Teddy Roosevelt once quipped, “Thank God I’m not a free-trader.” I agree. What was once considered a prudential question between free trade and protection depending on circumstance and national interest has now ossified into an ideology. Any attempt to direct the economy, or the country for that matter, towards specific ends is written off as socialism, full stop.

This was the subtext of a piece written by Don Devine at TAC that attempted to refute the core tenets of economic nationalism defended by our editor-at-large, Dan McCarthy. Devine’s thesis: “Who is the genius that will devise a plan…?” Since any industrial strategy, especially in light of advances in technology, would need to be complex, it’s better, he argues, to let the market sort it out instead of bureaucrats in Washington. If we try to shift our economy from services back to manufacturing, we may end up with something that “make[s] the original New Deal or War on Poverty or even Green New Deal look like child’s play.”

My response to this is simple. We need to stop pretending that libertarianism, which he credits for all the “effective actions” taken by the Trump administration, is neutral. A libertarian approach to trade embodies a specific industrial strategy and worldview, and it’s the wrong strategy and worldview for America today. Furthermore, it’s no less of an attempt at social engineering than the economic nationalism he deplores.

The libertarian strategy is clear. The goal of all its policies is the creation of an unfettered global market. The means for achieving this end is the free movement of labor and capital driven primarily by the interests of multinational corporations. The result of this strategy will be the weakening and eventual collapse of the nation-state and the demise of local and traditional institutions. The chief beneficiaries will be massive, socially progressive, unaccountable non-state actors like Google and Amazon, who will rule the world without the consent of the governed. I’m sorry, but “voting with your dollar” counts for neither citizenship nor economic freedom once corporate monopolies establish global hegemony.

Their aims can be summed up in one word: entropy. And like cancer, it will kill America. The real question is how much entropy can a nation endure before it’s no longer really a nation. Do we have a foreign policy that serves the interests of Americans, or is our empire permeating the four corners of the globe, at the extraordinary cost of American blood and treasure, to make the world safe for the global market to come? And what about a shared culture, language, and religion? The faster libertarians and the elites can eviscerate any semblance of particular attachments to place, family, or creed, the faster they can achieve their goal of a world without limits—that is to say, a world without human beings or a creator.

When this magazine was founded in 2002, one of its explicit purposes was to “question the benefits and point to the pitfalls of the global free trade economy.” Why would we do this? Because “we believe conservatism to be the most natural political tendency, rooted in man’s taste for the familiar, for family, for faith in God.” And these deep conservative commitments, with the institutions that make them possible, can and do suffer when the market is allowed to permeate every facet of human life.

The answer to the question of industrial strategy cannot be summarized with a one-size-fits-all answer, as the free-traders would like us to think. Industrial strategy requires prudence and a clear sense of our vital national interests at a particular place in time. Sometimes that will mean that free trade or fair trade is the right strategy. At other times, protection might be the answer, especially in situations where we must maintain the independence of our manufacturing sector from rival powers, particularly for military supplies, as George Washington advised.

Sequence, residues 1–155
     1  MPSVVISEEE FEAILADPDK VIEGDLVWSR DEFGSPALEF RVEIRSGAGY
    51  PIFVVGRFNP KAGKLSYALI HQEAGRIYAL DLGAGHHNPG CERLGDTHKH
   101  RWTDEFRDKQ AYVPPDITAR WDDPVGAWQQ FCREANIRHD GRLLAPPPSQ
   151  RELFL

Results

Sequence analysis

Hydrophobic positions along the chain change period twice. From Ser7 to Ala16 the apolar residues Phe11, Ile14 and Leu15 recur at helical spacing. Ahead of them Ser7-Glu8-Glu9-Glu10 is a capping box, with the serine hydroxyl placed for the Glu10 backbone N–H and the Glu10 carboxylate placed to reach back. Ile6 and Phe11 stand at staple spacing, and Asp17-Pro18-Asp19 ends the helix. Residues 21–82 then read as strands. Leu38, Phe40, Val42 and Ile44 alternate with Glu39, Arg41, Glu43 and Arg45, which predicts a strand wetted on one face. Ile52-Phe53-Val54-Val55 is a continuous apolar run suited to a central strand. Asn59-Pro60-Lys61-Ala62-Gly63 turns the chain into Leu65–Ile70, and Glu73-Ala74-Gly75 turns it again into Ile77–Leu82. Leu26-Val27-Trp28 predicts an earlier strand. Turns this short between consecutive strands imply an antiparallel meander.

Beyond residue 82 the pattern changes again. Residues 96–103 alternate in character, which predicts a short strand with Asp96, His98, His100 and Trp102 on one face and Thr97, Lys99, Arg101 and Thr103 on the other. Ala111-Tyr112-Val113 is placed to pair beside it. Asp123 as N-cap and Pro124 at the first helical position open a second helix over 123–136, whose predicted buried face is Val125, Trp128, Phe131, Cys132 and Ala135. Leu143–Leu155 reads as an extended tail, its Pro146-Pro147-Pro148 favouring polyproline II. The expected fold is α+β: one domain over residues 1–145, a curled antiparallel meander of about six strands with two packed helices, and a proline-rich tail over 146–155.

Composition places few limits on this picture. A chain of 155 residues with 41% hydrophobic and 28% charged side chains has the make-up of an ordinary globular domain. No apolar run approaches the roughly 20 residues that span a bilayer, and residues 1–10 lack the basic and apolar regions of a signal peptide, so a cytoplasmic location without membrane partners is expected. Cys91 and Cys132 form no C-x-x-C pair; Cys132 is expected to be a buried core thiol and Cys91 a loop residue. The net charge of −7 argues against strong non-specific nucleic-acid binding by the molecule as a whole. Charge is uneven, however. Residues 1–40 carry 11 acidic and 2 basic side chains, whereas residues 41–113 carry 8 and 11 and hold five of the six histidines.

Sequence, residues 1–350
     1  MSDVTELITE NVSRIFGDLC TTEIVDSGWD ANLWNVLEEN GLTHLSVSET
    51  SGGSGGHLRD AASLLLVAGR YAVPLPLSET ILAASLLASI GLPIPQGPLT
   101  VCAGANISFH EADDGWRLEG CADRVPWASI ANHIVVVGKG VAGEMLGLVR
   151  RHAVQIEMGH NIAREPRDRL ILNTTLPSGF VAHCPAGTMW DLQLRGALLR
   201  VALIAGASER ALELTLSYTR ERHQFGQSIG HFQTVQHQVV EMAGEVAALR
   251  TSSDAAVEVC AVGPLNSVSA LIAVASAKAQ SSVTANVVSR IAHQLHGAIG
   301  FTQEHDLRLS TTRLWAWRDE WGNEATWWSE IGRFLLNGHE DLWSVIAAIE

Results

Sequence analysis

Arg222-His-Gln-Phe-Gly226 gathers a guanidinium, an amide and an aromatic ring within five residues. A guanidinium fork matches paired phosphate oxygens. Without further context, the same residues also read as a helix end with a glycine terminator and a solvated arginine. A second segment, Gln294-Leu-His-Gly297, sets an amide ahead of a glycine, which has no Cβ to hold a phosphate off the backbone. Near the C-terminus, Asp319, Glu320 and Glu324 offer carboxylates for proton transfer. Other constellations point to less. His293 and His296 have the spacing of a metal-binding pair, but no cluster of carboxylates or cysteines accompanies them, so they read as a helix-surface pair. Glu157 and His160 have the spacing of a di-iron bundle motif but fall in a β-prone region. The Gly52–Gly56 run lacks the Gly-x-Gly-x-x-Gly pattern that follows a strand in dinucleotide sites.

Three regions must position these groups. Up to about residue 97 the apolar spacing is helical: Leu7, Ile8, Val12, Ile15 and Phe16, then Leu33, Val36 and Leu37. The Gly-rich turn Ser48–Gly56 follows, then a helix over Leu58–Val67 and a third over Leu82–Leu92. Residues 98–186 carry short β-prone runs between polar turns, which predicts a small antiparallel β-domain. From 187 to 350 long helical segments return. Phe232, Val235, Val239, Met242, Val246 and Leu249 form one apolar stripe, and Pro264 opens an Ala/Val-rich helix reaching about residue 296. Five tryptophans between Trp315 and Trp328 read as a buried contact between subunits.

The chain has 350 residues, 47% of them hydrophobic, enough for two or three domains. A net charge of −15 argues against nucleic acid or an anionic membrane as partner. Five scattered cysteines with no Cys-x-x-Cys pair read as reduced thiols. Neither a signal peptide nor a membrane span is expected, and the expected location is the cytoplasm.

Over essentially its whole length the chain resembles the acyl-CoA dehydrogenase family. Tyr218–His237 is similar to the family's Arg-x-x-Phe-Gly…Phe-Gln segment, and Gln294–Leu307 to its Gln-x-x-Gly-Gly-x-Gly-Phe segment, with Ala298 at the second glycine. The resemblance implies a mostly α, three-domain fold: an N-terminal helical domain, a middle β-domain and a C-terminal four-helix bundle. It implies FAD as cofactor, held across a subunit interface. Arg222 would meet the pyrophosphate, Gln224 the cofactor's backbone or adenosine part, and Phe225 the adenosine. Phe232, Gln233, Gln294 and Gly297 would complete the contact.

Having an industrial strategy is inevitable. The question is not yes or no, but which one. Opponents like to downplay the concerns of those who lose out from free trade as long as GDP is growing and we have jobs in the service sector driving for Uber, working at Walmart, or, if you’re lucky, pushing papers for the government or big finance. In his magisterial book on political economy, however, economist Friederich List criticized those overly reliant on theory and science when devising economy policy, saying that the “best work on political economy which one can read in that modern land is actual life.” He urged people to open their eyes, visit the places affected by economic policy, and learn the lessons about what’s happened in our once great cities and nations. 

If you walk through the ruins of Detroit, Flint, Cleveland, and Dayton, you’ll discover what President Donald Trump accurately described as “American Carnage.” The jobs have left town, suicide rates are up, out-of-wedlock births are rampant, and there’s an opioid epidemic whose impact will last generations. Most of the financial costs of this downturn will be carried by the taxpayer, but the social costs cannot as easily be repaid.

The crisis of the heartland, created by specific policy decisions in the nation’s capital, is morally reprehensible and poses an existential threat to the foundations of our political union. It’s time to Make America Great Again, and Dan McCarthy’s blueprint for a new conservative economic program is the best place to start.

John A. Burtka IV is executive director of The American Conservative. He has appeared on Fox Business and written for The Washington Post, Richmond Times-Dispatch, American Theological InquiryFirst ThingsThe American Mind, The Intercollegiate Review, and Touchstone. You can follow him on Twitter @jburtkaIV.